In community centers and schools across Africa, Kevin White sets up tents and helps people in need access eyeglasses instantly. After an initial screening with an eye chart, the now retired Marine hands over his invention, the USee Vision Kit, which lets the patient turn a dial for each eye until they see clearly. After they pick out frames they like, White then finds the right lens in his kit and snaps them into place. It takes only minutes, and the eyeglasses cost around $5 per person.
In the United States, there’s about one optometrist for every 8,000 people. In many developing nations, though, there can be as few as one optometrist for every 1 million people, making it difficult to screen and provide eyeglasses for those who need them. More than 1 billion people worldwide are living with a vision impairment, according to the World Health Organization, and the majority of those cases could be corrected with glasses.
White saw how difficult it was to distribute eyeglasses to people in developing countries when he helped set up hospitals and other aid facilities as part of his work in the Marines in charge of humanitarian assistance programs in Africa and Eastern Europe. In 2005, he was setting up a hospital in Morocco that was also distributing donated eyeglasses, and he was distraught by the inefficiencies he witnessed. Along with the time and resources necessary to do the eye exams, the donated glasses were of a limited range; many people were picking frames they liked the style of, rather than ones that corresponded with the prescription they needed.
“There’s got to be a better way to do this,” White remembers thinking at the time. “I basically spent the next 15 years of my life coming up with something better.” In January 2019, he completed the manufacturing process for the USee Vision Kit—the winner of the developing world technology category in Fast Company’s 2020 World Changing Ideas Awards. It’s a device that determines someone’s prescription and allows them to get custom eyeglasses in minutes. With that device, White’s nonprofit, Global Vision 2020, has been able to distribute more than 50,000 pairs of glasses and counting, in partnership with on-the-ground hospital clinics and humanitarian groups, including 4×4 Out Far and Explore 4 Knowledge.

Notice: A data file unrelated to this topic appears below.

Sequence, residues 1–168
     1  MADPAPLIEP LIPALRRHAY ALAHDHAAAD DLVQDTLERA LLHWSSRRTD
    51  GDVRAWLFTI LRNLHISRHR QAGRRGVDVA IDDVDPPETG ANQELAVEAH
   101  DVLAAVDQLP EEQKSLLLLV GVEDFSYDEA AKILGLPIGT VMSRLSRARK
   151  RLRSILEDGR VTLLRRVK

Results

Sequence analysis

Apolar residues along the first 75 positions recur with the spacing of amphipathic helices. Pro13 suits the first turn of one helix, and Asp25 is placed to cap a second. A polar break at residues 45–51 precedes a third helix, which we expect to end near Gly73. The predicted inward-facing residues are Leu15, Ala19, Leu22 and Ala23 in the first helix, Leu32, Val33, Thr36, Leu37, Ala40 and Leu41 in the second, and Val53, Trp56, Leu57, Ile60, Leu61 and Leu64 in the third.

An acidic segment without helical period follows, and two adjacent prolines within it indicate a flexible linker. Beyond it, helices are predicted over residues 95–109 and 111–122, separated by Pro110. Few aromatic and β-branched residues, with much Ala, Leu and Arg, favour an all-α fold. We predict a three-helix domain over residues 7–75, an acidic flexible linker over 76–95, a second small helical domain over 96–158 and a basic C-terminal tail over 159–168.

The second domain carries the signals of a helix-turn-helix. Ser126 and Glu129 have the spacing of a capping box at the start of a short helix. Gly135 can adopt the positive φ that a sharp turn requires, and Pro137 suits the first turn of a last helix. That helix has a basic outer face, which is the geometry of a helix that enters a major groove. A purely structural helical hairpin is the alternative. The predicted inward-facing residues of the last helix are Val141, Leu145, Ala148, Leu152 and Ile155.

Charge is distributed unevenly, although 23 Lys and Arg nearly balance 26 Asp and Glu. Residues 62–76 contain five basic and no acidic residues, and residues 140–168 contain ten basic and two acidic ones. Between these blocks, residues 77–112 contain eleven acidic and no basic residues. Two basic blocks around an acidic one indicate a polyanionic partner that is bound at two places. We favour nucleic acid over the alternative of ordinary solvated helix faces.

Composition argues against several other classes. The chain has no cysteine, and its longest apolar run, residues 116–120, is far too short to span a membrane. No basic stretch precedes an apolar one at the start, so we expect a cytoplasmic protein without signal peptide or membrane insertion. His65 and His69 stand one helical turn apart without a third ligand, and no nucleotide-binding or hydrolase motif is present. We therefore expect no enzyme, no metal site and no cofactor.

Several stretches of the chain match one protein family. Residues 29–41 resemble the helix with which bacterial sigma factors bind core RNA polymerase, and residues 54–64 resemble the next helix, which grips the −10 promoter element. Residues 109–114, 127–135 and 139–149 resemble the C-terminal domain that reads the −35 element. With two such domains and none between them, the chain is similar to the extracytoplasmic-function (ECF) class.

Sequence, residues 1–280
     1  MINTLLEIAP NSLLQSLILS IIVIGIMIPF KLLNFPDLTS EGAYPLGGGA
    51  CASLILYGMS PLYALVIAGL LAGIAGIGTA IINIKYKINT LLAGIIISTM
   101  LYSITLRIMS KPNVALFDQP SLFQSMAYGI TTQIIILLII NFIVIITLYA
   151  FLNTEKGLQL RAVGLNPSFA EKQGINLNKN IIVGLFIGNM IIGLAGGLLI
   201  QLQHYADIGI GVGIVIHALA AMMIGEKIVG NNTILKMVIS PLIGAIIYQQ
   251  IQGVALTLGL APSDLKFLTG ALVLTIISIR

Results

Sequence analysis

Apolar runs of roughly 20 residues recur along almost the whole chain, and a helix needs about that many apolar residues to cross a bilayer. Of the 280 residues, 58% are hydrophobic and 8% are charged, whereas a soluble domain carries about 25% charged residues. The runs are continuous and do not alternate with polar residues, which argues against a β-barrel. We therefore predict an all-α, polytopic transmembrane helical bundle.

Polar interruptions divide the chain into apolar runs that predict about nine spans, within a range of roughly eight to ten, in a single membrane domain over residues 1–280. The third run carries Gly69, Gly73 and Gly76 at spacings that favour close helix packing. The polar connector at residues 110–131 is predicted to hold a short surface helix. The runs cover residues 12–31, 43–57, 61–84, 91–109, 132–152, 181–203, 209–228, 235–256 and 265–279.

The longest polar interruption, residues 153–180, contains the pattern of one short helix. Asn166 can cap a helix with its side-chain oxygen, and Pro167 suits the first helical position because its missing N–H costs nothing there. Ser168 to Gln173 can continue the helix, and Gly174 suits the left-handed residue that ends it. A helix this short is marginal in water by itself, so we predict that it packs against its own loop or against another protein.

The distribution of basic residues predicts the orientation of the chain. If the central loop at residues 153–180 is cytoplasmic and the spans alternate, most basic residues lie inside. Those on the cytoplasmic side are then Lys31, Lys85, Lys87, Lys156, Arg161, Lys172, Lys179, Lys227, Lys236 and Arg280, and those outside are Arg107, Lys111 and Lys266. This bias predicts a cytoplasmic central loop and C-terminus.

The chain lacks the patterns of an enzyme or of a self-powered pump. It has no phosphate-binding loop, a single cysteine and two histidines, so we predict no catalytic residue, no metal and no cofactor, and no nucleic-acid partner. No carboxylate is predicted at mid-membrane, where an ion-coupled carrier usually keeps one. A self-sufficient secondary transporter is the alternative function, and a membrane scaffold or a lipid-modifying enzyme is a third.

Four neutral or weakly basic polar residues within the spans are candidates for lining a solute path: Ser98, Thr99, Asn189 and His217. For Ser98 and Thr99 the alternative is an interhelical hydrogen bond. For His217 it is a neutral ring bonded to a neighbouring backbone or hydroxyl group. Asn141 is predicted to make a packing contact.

When he started looking for alternatives, his research led him to fluid-filled eyeglasses, which allow the patient to turn a dial and change their prescription. “The benefit was that anyone could do it. The drawback was that very few people wanted to wear the device,” he says. “That was my gap analysis. On the one side, you’ve got this refraction device that really makes it simple to distribute eyeglasses, but very few people wanted to wear them. On the other side, you’ve got conventional glasses that everybody wants to wear, but it takes a doctorate of optometry in order to dispense them.”
Like a pair of binoculars, the USee Vision device lets the wearer turn a dial until their vision comes into focus. Once they can see clearly, they stop turning, and the number on the dial corresponds to a prescription for each eye. Inside the kit, different lenses are organized to correlate with the USee reading. The patient picks out a pair of frames, and then the lenses are snapped into place.
The difference between having impaired vision and being able to see clearly is often the difference between getting an education and not, being able to work productively and not, and even the difference between life and death; poor vision and lack of access to eye exams have been linked to traffic deaths in places such as Nigeria and India. Experts have estimated that a lack of glasses accounts for about $200 billion in losses to the global economy each year.
“I’ve been that 10-year-old kid who didn’t know I needed eyeglasses and had my world changed,” White says, and he’s witnessed firsthand how glasses, and the USee Vision kit, can change someone else’s life. He remembers giving eyeglasses to a 78-year-old woman in Africa whose granddaughter looked after her day and night. “Five days later she was preparing the meals, she was fixing clothes, her granddaughter was back in the fields working, she read to the kids, ” he says. “She became the matriarch of this family for like six bucks worth of eyeglasses.”
The USee Vision kit has completed clinical trials at the Wilmer Eye Institute at Johns Hopkins University Hospital and the New England College of Optometry, and other trials are currently in process in Vietnam and Mongolia. White admits he’s not an optometrist, but he’s done this process “hand in hand with the health world.” “My hope is that every pharmacist around the world, every school nurse or school principal, even driver’s license offices have a kit,” he says. “By 2050, half of the world’s children are going to be African-born. . . . If we can help them get a better education and become independent and have hope, I know eyeglasses are just a very, very small part of that, but ask anybody who wears them what is life like without them.”